I-B Contributions

The work described in this paper includes the following contributions:

  • A new area partitioning problem representation using a grid cell discretization and potential field model [21] that allows for applying standard optimization techniques. Solutions acquired by using the new problem formulation trade-off accuracy of satisfying area size constraints while allowing for maximization of sub-polygon compactness.

  • A new algorithm for solving the area partitioning problem which includes a number of optimization algorithms combined with two post-processing methods. Integrated algorithms include a new heuristic-based method (the Potential Field Heuristic), the Covariance Matrix Adaptation Evolution Strategy (CMA-ES) 

    [17], and Random Search optimization techniques.

  • An empirical evaluation of the proposed algorithm on a set of randomly generated non-convex polygons and comparison with an existing state-of-the-art technique [18].

The structure of this paper is as follows. First, a problem definition is provided in Section II. Section III describes the proposed polygon area decomposition algorithm. The results of experimental evaluation are presented in Section IV. Finally, the conclusions with a short description of future work are presented in Section V.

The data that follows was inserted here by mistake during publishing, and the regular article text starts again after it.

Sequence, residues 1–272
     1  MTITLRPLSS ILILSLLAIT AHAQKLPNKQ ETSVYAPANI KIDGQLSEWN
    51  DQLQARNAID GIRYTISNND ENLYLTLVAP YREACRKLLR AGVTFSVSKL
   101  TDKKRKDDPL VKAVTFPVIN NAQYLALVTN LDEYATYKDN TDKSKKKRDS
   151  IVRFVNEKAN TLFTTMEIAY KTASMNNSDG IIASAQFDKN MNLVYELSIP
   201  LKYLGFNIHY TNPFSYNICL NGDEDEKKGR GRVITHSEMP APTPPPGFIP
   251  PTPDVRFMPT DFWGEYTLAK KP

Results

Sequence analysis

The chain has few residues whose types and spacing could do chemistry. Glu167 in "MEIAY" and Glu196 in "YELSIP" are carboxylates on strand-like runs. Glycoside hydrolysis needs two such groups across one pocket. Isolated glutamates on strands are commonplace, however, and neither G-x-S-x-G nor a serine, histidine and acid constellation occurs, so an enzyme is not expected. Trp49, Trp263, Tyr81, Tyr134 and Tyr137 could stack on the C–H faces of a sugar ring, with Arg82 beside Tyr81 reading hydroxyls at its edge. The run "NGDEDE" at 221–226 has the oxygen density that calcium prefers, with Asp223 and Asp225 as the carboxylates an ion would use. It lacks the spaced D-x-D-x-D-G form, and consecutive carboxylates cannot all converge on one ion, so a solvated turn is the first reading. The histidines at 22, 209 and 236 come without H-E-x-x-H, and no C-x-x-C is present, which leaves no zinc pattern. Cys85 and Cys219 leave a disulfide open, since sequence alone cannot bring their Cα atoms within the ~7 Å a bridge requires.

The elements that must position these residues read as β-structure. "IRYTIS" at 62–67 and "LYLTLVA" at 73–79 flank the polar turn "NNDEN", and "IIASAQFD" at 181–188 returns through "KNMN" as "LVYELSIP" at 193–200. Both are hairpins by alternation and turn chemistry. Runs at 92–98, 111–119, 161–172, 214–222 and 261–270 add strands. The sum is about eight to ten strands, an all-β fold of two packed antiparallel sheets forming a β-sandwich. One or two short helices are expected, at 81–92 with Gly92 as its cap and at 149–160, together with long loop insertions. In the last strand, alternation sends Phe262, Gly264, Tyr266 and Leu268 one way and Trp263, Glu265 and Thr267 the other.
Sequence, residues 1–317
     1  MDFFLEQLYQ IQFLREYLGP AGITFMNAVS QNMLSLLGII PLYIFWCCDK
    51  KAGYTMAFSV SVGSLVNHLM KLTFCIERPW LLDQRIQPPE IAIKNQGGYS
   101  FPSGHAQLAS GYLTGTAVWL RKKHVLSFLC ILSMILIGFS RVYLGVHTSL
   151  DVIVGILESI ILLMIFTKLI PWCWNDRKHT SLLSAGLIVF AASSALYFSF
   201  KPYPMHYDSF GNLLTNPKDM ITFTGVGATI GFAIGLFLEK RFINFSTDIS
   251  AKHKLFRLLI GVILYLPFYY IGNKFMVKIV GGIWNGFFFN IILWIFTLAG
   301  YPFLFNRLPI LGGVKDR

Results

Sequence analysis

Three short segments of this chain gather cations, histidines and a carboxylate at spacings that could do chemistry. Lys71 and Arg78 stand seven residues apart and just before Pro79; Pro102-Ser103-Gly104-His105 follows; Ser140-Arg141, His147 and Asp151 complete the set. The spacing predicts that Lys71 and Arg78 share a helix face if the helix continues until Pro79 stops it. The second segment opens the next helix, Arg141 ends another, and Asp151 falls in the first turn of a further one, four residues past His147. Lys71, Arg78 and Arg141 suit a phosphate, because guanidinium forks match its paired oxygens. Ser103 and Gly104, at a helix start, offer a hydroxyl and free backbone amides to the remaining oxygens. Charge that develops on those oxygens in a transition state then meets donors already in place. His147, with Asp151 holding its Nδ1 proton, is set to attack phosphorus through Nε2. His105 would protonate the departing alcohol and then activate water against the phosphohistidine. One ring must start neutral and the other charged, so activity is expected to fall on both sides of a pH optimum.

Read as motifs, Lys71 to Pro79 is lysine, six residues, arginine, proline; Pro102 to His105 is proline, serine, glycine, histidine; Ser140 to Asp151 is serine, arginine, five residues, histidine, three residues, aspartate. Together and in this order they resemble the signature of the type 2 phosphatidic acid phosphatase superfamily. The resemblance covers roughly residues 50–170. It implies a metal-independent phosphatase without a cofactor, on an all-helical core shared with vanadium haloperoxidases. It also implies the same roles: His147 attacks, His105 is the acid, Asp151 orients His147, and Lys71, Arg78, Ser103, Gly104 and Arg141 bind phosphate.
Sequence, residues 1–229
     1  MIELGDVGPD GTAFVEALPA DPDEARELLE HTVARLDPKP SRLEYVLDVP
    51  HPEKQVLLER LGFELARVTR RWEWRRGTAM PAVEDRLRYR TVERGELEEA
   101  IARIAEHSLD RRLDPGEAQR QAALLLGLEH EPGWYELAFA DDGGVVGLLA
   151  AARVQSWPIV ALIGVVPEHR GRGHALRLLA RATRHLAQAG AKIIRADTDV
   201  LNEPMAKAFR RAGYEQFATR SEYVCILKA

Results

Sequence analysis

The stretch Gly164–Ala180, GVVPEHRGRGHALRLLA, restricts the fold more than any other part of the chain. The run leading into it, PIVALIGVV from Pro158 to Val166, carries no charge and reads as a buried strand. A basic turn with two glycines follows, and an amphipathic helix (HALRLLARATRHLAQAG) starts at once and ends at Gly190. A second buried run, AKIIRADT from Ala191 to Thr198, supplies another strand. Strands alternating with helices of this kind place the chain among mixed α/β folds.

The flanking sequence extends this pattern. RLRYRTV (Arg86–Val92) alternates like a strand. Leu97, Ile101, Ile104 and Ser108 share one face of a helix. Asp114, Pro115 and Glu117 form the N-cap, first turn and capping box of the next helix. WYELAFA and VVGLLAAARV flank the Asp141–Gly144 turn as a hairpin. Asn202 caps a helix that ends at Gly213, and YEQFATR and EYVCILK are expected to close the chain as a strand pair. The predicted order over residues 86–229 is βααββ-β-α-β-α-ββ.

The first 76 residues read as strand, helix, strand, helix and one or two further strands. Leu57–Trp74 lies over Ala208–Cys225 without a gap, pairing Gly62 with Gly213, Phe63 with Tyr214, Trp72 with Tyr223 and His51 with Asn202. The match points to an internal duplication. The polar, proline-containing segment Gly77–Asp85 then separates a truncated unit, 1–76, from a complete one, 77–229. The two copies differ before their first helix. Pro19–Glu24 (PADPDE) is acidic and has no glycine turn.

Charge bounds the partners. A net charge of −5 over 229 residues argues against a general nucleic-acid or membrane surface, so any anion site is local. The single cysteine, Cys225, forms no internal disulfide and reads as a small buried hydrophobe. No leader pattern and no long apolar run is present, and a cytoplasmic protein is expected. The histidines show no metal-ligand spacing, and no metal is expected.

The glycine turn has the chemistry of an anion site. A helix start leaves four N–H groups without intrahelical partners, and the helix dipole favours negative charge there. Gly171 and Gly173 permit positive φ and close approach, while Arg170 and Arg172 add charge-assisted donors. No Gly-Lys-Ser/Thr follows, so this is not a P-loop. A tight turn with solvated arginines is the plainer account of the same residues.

Ii Problem definition

Formally, the problem considered in this paper can be described as follows. Given a simple111a polygon with no self-intersection polygon , decompose the polygon into disjoint sub-polygons to . The area of each sub-polygon () is specified by a weight (). Weights define area sizes as a proportion of the total area of the polygon . Thus, the area partitioning problem is defined as follows:


Additionally, to take shape characteristics into account, the generated sub-polygons should maximize the compactness score of each sub-polygon. Since sub-polygons are represented as sets of polylines each defined by its vertices (points) the state space of the problem that needs to be considered is infinite. In the approach presented in this paper, the problem representation is relaxed by discretizing the polygon into a finite size set of grid cells. Using such representation allows for redefining of the infinite domain problem into a finite domain constraint optimization problem.